Wherever you are in the world, look out your window. Cranes are a common site across our cityscapes, especially in Texas where construction is booming. 

Cranes are a wonder of engineering, and every part of one is essential. They’re used in every sector of industry, from construction to mining to shipbuilding and material loading. 

Let’s discuss the different parts of a crane and what they do. 

The Hook

This is one of the most recognizable and unique parts of a crane. The hook is what connects the crane to its cargo, and it is entrusted to hold large and heavy payloads. A safety latch prevents the payload from slipping from the hook while the cargo is moving. 

The hook is made from iron or steel, and heavy-duty hooks are put through a forge in order to produce the strongest possible hook. The forging process changes the internal grain texture of the metal by use of compressive forces and eliminates any porosity. 

Now the super-strong hook just needs something to attach itself to… 

The Boom

The boom is the part of a crane that resembles an arm. Its primary purpose is to lift, move, and position cargo that is attached to the hook. They bear the majority of the load and are responsible for determining the reach of the crane. It’s very recognizable — you can usually see it from a distance. 

It’s also one of the largest parts of a crane, and comes in two forms: 

  • Lattice Boom
  • Hydraulic Boom

The Jib

This is the horizontal piece that extends beyond the boom and gives the crane additional reach.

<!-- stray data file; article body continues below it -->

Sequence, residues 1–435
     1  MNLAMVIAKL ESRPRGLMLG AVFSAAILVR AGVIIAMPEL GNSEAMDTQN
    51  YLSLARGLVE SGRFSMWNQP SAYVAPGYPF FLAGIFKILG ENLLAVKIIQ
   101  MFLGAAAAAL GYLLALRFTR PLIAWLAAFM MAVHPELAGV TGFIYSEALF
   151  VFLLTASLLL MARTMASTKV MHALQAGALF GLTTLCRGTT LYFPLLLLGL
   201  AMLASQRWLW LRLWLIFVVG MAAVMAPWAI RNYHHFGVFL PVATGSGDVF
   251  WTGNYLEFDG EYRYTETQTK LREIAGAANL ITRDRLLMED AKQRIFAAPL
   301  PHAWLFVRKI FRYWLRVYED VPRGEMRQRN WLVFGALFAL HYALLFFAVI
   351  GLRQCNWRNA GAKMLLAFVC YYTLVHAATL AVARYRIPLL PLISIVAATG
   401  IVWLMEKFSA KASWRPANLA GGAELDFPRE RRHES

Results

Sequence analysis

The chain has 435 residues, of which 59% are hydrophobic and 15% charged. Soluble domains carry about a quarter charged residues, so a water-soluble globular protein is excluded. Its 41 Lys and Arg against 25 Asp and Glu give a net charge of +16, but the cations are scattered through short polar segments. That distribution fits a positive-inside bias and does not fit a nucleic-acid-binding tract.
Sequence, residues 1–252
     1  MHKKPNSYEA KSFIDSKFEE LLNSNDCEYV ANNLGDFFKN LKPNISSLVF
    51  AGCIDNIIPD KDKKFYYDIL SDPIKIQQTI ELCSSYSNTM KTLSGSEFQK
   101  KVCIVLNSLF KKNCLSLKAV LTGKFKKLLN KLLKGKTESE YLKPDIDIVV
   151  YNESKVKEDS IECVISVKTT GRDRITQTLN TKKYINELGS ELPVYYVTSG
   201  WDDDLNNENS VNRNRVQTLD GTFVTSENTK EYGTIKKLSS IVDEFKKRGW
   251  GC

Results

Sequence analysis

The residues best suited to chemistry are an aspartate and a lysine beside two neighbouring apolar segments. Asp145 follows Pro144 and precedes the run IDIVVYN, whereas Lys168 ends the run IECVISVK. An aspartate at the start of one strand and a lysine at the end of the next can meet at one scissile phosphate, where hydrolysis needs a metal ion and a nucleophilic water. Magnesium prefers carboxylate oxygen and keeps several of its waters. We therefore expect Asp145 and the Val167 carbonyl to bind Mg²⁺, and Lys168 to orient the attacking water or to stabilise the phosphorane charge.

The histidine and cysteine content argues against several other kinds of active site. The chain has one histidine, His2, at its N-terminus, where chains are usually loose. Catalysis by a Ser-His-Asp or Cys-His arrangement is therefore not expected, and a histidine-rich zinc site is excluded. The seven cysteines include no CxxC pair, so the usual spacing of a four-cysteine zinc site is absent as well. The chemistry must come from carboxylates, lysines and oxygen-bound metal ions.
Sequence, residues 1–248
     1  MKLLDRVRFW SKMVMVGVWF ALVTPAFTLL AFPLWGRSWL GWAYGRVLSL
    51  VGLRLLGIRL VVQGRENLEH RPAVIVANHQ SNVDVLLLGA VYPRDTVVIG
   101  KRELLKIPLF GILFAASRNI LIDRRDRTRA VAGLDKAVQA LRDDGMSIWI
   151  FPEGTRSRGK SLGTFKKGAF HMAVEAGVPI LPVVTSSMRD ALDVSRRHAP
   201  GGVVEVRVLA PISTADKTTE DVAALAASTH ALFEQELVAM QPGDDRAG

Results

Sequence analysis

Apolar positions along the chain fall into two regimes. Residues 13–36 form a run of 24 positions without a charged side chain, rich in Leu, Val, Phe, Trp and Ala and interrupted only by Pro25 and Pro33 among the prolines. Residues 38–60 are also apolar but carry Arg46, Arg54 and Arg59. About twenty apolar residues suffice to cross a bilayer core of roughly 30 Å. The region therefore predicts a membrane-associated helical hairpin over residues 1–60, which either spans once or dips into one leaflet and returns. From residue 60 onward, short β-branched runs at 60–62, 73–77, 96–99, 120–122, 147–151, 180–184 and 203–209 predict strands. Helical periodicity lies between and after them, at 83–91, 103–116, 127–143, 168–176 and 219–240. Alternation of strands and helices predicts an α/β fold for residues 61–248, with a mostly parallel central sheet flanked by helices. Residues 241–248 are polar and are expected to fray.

The Hoist

The hoist, AKA, the hoist drum, is the part of a crane that raises cargo from its original position and lowers it to its destination. The hoist consists of a cranking mechanism, or winding drum, and a wire that raises and lowers the hook. Without the hoist, the payload wouldn’t get off the ground.

parts of a crane

Wheels and Tracks

Wheels and tracks are what make cranes mobile. Depending on the terrain the crane is operating in will depend on whether it has wheels or caterpillar tracks. 

Crane wheels offer a level of mobility that range from maneuvering around a job site to driving down the highway at high speeds. Machines like All-Terrain Cranes are the best option for uneven, bumpy ground. 

On the other hand, tracks are a great option if the job site is muddy. Soft ground presents an issue for heavy construction vehicles, and the tracks on Crawler Cranes are long and wide. 

Wire Rope and Sheaves

Cranes use heavy-duty wire ropes to lift extremely heavy loads. These ropes are cables that are braided into the shape of a helix. Next, helixes are twisted together to create an even stronger rope. These wire ropes give the crane its strength to lift objects with the hook. 

A sheave is a pulley system that holds wire ropes. The more wire ropes, the more weight is distributed and the more weight the hook can lift. 


Counterweights are placed on the back of the crane. They prevent the crane from tipping over in the direction of the load.


The outriggers are the pieces that extend out from the base of the crane. They provide stability and help to prevent the boom from tipping over.

Gain Tips, Insight, and Industry Expertise From BOSS Cranes

BOSS Crane is passionate about cranes, and we are happy to be serving Texas and providing industry expertise wherever it is needed. One of the reasons we’ve been operating for over 80 years is our dedication to customer satisfaction. Give us a call, and let’s chat cranes! 

You can also read more of what we have to say on our previous blog: How To Decide Which Type Of Crane Is Right For Your Job?